yes, this will be the case. But apart from the fact that I have at least some difficulties with this kind of secret photography, it is a question of the folding display, not the hidden display. That’s OK and was what the majority of X-Pro2 photographers wanted, I think. Whether the majority wanted a hidden display I dare to doubt at the moment.


  • From the first announcement I didn’t mind the hidden screen. I take my glasses off to shoot, so most of the time I can’t see a back screen with any acuity. I live in the EVF instead unless I’m on a tripod or shooting low. The hidden screen mechanics seemed like a good fit, and the sub-monitor square did tug at the nostalgia heart-strings, so I did put in a pre-order.

    But since then I have looked more closely at the button layout, and did some handling tests of an X-Pro2 at the camera store, and I have changed my mind. First and foremost is the “handicap” of being left-eye dominant. My nose will always be mashed into the back of the camera so I can see the edges of the EVF (which is even more important now because checking settings with the screen means both, flipping the screen down, and pulling my glasses out of my pocket). Beyond that, I shoot manual almost all of the time, and now that I have made the transition to Fujifilm, I have come to rely on the front command dial switch to shift between ISO of aperture. I could certainly work the aperture ring, not that big a deal. But then there’s the button layout on the back. There’s no back button focus option except for reassigning the rear command dial switch, and I want to keep my cameras consistent, so not an option for me. Fujifilm hasn’t made up their minds where the “Play” button belongs (It’s below Disp/Back on the GFX 100, above on the X-Pro3.) and from what I understand those buttons cannot be reassigned. And I’m getting to an age where playing mental gymnastics every time I pick up a camera is no longer appealing. So I will do without Classic Negative for the time being, and hope they bring out an X-H2 relatively soon.

    • I will see how it works for me when I have the camera… which unfortunately will take at least another four weeks.

  • I am continuously surprised 🙂 not so much by Fujifilm and their X-Pro3, after all it is a camera that many developers, product managers and, so I read, even photographers worked on. Not more.
    Surprised I am about the reaction of „the net“ and even more about the reviews I read,
    It just seems as if I used my P1 and P2 the wrong way all these years…. let me explain
    I really don‘t care so much about this display, yeah, it‘s a bit unusual and a big yes – here Funifilm is trying something I don‘t like: be different for the sake of bei g different. In any case, no big problem. The other thing, they got rid of the D – Pad….so….what? We habe the wonderful jouystick and all is great, who needs a D-Pad…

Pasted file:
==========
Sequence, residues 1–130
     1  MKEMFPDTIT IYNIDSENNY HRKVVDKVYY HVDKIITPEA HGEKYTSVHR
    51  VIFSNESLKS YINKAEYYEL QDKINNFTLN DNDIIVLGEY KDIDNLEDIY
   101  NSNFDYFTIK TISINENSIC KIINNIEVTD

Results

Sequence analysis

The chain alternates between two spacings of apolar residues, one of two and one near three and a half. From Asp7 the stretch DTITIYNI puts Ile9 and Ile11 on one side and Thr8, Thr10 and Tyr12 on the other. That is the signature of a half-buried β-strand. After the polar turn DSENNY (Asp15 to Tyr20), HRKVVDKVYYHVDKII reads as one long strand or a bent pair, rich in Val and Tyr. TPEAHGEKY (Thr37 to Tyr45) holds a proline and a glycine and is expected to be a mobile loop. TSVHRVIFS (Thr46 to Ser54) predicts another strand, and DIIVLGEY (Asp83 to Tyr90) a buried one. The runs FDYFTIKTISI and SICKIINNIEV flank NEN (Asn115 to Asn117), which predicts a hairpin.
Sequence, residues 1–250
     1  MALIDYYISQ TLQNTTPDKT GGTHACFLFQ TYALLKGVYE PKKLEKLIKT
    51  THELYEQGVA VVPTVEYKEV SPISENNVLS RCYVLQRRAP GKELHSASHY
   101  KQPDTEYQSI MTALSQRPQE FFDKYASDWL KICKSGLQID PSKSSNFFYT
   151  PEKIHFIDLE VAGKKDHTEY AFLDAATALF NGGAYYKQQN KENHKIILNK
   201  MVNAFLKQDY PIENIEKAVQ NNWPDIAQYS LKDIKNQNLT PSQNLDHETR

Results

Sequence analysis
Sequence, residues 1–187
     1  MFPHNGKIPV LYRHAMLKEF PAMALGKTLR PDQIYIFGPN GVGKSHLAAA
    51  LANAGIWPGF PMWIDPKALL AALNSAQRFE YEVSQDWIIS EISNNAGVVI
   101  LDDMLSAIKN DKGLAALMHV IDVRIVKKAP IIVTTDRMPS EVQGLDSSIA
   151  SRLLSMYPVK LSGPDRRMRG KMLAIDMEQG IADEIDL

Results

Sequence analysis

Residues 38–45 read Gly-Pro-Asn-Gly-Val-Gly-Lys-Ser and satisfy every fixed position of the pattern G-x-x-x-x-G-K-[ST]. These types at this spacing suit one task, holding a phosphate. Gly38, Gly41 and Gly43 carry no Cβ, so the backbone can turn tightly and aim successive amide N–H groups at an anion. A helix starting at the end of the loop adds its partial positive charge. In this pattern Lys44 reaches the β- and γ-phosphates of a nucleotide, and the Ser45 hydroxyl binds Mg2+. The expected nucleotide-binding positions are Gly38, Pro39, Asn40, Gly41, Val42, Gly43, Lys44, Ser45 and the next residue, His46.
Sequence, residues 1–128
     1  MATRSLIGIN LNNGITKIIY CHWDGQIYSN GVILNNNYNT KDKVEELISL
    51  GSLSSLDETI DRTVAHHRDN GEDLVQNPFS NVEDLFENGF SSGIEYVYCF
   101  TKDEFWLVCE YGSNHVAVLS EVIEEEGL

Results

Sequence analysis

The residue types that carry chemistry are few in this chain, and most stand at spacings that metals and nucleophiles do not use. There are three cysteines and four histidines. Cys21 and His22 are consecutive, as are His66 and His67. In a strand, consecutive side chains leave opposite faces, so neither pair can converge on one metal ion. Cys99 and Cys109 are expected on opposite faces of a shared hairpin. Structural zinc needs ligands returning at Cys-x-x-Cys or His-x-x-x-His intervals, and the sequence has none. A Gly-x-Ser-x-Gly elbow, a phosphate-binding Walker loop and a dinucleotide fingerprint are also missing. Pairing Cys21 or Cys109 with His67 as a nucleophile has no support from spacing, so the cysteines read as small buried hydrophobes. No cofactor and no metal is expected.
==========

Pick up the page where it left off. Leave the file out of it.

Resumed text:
The thing that really bothers me and what surprises me in reviews: yes, we have a better EVF, phantastic news! If it would be 5m even better, but I am sure this new EVF is a great thing. But…oh my…. they crippled the OVF, did you realize? My beloved OVF becomes of even more limited use! If I use 18mm I can only do so kn a stretch and at 56 or 60mm the frame showing the image becomes really, really small. This magnification slider was so great – gosh, I even dreamed about a 3rd magnification to make better OVF usage with 60mm and 90mm possible… quite the opposite now.
    Unless I used my X-Pros wrong in the past, this is a massive draw back of this new camera. It seems that the times of a lag-free optical view on the world are co7nted and even Fujifilm is preparing to drop this technique… too bad….and noone in reviews seems to be bothered, surprising, isn‘t it? After all the X-Pros are the cameras with a usable OVF….

    • Hi Andreas,

      some of the first reviewers mentioned that. But the reason for the restraint is very simple: hardly anyone really uses the OVF. That’s why it’s not so important for most people. I also noticed that and I think it’s a pity, but that was probably the compromise to the overall improvement of the viewfinder. It’s more difficult for me to be able to use the OVF even more because of my slight ametropia – for whatever reason. Either I see the image sharp or the viewfinder scree. It’s technically clear, but it wasn’t so dramatic with the Pro-2. But I only tried that for a short time… Let’s see.


  • I recently sold my XPro-2 having ordered the XPro-3. I rarely used the OVF unless it was with my 23mm, 35mm, 50mm lenses. I found larger lenses too intrusive in the OVF. So, if I understand the new OVF in the XPro-3 this should not be a problem, as I’ll switch to the EVF for other lenses. Maybe, I don’t get the new limitation. Please illuminate me further. Thanks!

    • Hi, it’s hard to enlighten you because I don’t have the camera yet. But what became clear from the specifications and my hour of playing around is that the OVF may have less distortion now, but it’s not as flexible. This is especially true for wide-angle lenses. These are no longer so well supported due to the lack of the smaller magnification (0.36x). The 18mm, for example, has no frame lines anymore, but is still quite usable. I can’t confirm another point yet, because I only noticed it very briefly: In the OVF with the X-Pro3 and with my personal diopter correction, I could see either the image or the displays sharply; neither together. That’s not illogical with the OVF, but it’s less pronounced with the X-Pro2. But I still have to look at that if I have a camera. In a nutshell: There are probably compromises with the OVF to strengthen the EVF in particular. But that’s certainly wanted and desired…


  • Hi Peter, thank you for this great article.

    I would also be interested in seeing some pictures of the fingerprint issues that the Dura models seem to have. Would you be able to post or share some?